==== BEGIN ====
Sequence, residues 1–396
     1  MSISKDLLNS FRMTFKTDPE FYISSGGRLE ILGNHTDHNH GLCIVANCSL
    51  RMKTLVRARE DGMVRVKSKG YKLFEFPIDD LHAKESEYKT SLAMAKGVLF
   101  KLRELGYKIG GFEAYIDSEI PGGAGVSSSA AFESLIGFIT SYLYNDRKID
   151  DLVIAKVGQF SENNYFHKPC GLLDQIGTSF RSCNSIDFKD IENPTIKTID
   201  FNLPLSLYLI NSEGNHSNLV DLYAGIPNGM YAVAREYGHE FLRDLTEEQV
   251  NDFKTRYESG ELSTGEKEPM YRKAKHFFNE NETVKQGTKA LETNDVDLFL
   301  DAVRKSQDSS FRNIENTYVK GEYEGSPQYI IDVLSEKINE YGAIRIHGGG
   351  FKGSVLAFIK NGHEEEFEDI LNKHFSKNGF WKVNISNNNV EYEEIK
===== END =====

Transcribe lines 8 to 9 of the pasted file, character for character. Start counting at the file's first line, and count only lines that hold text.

   301  DAVRKSQDSS FRNIENTYVK GEYEGSPQYI IDVLSEKINE YGAIRIHGGG
   351  FKGSVLAFIK NGHEEEFEDI LNKHFSKNGF WKVNISNNNV EYEEIK